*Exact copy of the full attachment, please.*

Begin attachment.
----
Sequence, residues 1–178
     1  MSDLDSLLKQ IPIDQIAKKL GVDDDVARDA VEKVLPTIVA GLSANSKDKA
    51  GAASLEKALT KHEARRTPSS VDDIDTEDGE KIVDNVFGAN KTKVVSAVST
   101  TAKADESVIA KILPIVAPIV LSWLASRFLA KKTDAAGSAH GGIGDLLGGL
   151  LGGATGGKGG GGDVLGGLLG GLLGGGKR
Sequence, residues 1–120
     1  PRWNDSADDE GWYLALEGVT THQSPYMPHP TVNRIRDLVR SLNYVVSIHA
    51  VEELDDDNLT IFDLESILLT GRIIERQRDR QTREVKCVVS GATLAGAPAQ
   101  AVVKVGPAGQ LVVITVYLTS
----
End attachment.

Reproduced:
Sequence, residues 1–178
     1  MSDLDSLLKQ IPIDQIAKKL GVDDDVARDA VEKVLPTIVA GLSANSKDKA
    51  GAASLEKALT KHEARRTPSS VDDIDTEDGE KIVDNVFGAN KTKVVSAVST
   101  TAKADESVIA KILPIVAPIV LSWLASRFLA KKTDAAGSAH GGIGDLLGGL
   151  LGGATGGKGG GGDVLGGLLG GLLGGGKR
Sequence, residues 1–120
     1  PRWNDSADDE GWYLALEGVT THQSPYMPHP TVNRIRDLVR SLNYVVSIHA
    51  VEELDDDNLT IFDLESILLT GRIIERQRDR QTREVKCVVS GATLAGAPAQ
   101  AVVKVGPAGQ LVVITVYLTS